|Terry Border – “arteest”|
Meet Terry Border – sculptor, photographer, and wizard with wire. With a pair of pliers and bit of sixteen gauge, Border masterfully reveals scenes from the inner lives of everyday household items and food stuffs you or I might otherwise overlook. From pill bottles to playing cards, pastries to peanuts, he has personified it all with visual puns and unique perspectives.
|“Zombies are Nuts about Brains”- photo courtesy of Terry Border|
On his blog, Bent Objects, Border has been sharing his (slightly bent) sense of humor ever since 2006. Prior to anthropomorphizing everything from peanuts to cheese doodles, he was a commercial photographer. Clearly the biz didn’t meet his creative needs, though, because before long he was sculpting with wires – first as a hobby, but soon as much, much more.
|“At The Party” – photo courtesy of Terry Border|
Becoming iconic wasn’t the plan, Border laughs when I suggest such a thing, but becoming something interesting to myself was.
After just three years of blogging, Border released his first book, Bent Objects: The Secret Lives of Everyday Things.
The book is filled with incredibly detailed, and sometimes twisted, scenes… each offering a glimpse into the mind that created them.
|“Where There’s Pork, There’s Beans” – photo courtesy of Terry Border|
Now that’s what I call a food artist.
When I see the image in my mind, the final photograph is usually very much like it. Border explains, when I ask him about his process. I have a good idea right away what it’s going to look like – I just find the objects, make some wire appendages or whatever, and then ‘sculpt’ it, for lack of a better term. There’s lots of fussing around with the lighting, and many photos before the final.
As an added bonus to working from home, Border says that after setting up a scene he often gets to eat his work. As a food photographer, I can relate!
I still remember when I first discovered Terry’s book, surfing the web and hoping to be entertained (little did I know what awaited me!). The name caught my attention first, then the cover was enough to push me over the edge – I was so eager, I believe I paid full shipping from Amazon for it. *Gasp!*
Now, a couple years later, my copy is worn – the dust jacket bent and the pages falling open to all my favorites – because nary is the occasion when this book doesn’t find its way to the table, to be shown off to family, friends, and anyone else who cares to take a gander.
Seeing first-hand how difficult it is to make wire arms and legs express a scene, I asked Terry what the most challenging part of his job was. As I should’ve known, he had the same answer I, or anyone else working for themselves, might give:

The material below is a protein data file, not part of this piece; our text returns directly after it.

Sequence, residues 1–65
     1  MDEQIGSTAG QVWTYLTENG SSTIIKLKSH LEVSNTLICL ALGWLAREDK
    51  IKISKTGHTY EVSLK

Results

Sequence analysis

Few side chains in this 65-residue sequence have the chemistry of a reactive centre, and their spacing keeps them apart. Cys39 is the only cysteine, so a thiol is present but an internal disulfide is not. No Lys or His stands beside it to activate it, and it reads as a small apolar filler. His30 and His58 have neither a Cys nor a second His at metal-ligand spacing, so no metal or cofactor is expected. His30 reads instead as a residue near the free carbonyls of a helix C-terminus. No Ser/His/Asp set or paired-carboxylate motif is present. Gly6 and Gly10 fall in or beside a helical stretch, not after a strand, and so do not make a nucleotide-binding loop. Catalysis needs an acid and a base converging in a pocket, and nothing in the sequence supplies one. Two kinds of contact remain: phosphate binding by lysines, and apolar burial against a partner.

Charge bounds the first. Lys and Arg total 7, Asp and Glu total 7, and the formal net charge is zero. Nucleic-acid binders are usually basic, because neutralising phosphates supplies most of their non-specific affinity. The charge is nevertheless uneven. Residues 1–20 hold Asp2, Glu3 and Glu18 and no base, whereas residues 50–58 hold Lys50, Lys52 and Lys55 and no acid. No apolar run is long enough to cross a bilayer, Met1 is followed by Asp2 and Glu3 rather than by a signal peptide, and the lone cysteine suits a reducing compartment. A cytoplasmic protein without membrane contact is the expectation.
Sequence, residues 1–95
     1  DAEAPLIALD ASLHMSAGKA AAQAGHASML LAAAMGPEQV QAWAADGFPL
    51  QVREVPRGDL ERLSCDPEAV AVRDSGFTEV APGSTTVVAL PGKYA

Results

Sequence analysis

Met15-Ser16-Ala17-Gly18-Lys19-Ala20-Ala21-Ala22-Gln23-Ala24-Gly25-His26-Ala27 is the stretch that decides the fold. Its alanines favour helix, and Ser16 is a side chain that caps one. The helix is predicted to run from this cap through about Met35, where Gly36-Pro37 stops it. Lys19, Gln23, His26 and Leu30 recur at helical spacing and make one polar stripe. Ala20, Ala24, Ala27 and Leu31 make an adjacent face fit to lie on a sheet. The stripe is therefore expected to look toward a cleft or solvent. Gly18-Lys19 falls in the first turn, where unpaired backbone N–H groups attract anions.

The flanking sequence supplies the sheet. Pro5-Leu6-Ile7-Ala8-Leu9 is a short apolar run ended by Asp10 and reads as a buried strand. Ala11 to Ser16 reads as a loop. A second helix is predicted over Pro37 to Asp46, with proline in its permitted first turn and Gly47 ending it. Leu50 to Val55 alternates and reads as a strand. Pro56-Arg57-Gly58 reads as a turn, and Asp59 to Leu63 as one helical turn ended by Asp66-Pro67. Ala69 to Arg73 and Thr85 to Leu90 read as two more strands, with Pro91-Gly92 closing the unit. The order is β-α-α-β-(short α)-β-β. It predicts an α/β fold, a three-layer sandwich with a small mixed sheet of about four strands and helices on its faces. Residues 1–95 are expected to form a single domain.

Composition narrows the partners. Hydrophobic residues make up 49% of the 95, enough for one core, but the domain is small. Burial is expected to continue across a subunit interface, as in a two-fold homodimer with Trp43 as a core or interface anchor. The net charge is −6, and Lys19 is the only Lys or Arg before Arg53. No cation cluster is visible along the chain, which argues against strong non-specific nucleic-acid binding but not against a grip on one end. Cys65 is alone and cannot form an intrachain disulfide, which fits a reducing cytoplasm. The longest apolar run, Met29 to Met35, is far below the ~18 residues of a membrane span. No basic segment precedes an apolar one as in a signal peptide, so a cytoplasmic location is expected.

The most challenging thing is to motivate myself, sometimes. It can be easy to just ‘coast’ along and not actually do anything some days.
Falling into the creative slump, so to speak, is yet another thing I’m familiar with. As Border points out, though – his eye for creativity is always on the lookout for blog fodder. The most rewarding thing, he says, is hearing from people who enjoy my work.
Well, fortunately for us (those who enjoy his work, that is), Border has recently published a new book – Bent Objects of My Affection: the twists and turns of love.
Featuring page after page of romance-themed vignettes, this book is something to fall in love with. Plus, it not only makes for a good coffee-table conversation starter, but is a great gift for that special someone.
|“Bananas At Bedtime” – photo courtesy of Terry Border|
From his home town in Indiana, to traveling abroad; from art museums to cartoons, from restaurants to famous artists… Border says his inspiration comes from most anywhere. And it seems there’s hardly anywhere he isn’t willing to go.
In addition to his books and blogging, Border has a second website – the aptly titled ‘Really Bent Objects‘ – for his more graphic, or risqué, pieces. I couldn’t help but wonder if this garnered any harsh critics from his fans or the media, but Border says fortunately, very few.
I thought about combining the two [sites] last year, but my wife talked me out of it because of kids checking out Bent Objects. She’s right.
Whichever aspect of his art you lean towards most, it’s hard not to like Terry’s keen sense of humor and eye for storytelling. And, with such a range and repertoire, it’s no wonder there are rumors of an animation project in the works. It seems there are just no bounds to Border’s bendable abilities.
Like pulling out his books to show my friends and dinner guests, I hope not merely to entertain you with all this banter but to convert you to a Bent Objects lover like myself. To read the book and preach its goodness unto others… well, so to speak.
If you like what you’ve read so far, I do encourage you to check out Terry’s blog and books.
And, for your further reading pleasure: